One of the important aspects we see at the Blading Camps is everyone in helmets. Do you require all of the campers and counselors to wear helmets while they participate in the camp?
Yes all coaches and riders must wear helmets at all times. We are proud to be the only skate camp in the world to hold insurance for every rider who joins us, including our staff. The only thing is that everyone must have helmets. I feel like this is a blessing as personally I like that all riders wear helmets no matter the age or skill. I feel like it adds a level of professionalism in the industry that before we were greatly lacking. I mean it may sound silly but if we want kids to get into the sport and stay we as the pros must set an example. And as it works, parents buy the skates, parents buy the clothes, parents register their kids for camp, the parents are in control. I say with my over twenty years of experience that no parent is willing to support their children in a sport where they could potentially die from one fall. We look like maniacs and rebels without a cause. I’m from the nineties. I grew up threw this rebel phase of never wearing pads and never wearing a helmet. Making fun of people who wore their pads. But those days are over, thank God we’ve grown up. The second Moms and Dads see us as the pros skating with helmets all that disappears. Parents support 100% cause their kids are “safe”, I don’t make this up. It’s what I’ve seen time and time again.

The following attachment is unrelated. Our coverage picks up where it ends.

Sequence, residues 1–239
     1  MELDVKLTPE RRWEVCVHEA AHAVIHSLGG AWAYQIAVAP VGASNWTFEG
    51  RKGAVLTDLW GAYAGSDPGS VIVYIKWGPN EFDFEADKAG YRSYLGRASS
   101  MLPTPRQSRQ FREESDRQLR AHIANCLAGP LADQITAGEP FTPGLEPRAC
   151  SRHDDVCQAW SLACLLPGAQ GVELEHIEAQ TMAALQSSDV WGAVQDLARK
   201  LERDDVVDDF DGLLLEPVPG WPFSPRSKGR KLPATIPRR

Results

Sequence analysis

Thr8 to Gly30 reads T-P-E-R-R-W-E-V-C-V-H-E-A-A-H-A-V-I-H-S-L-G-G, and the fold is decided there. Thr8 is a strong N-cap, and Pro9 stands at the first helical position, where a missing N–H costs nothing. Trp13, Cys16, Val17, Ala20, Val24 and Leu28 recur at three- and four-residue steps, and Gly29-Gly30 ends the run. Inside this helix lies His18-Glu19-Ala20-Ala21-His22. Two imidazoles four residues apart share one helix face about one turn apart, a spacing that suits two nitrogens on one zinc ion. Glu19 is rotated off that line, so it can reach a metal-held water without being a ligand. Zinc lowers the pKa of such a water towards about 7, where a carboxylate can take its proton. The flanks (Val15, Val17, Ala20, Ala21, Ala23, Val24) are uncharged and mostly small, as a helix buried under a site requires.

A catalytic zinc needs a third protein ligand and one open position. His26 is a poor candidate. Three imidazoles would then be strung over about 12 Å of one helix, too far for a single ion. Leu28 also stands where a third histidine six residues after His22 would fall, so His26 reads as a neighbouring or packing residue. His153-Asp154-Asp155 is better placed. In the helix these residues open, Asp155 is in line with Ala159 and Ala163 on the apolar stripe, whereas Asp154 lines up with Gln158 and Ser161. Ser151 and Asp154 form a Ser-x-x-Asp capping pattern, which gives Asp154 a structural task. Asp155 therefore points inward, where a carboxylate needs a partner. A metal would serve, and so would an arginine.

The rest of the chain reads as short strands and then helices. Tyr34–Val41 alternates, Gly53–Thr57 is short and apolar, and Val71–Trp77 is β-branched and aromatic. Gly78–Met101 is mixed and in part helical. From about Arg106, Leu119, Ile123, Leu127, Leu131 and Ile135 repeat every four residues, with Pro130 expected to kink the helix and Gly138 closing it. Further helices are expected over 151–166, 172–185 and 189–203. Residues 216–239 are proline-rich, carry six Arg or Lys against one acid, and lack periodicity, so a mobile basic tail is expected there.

Picture: Dominick Wagner

Are classes split up based off their different levels of experience or age group?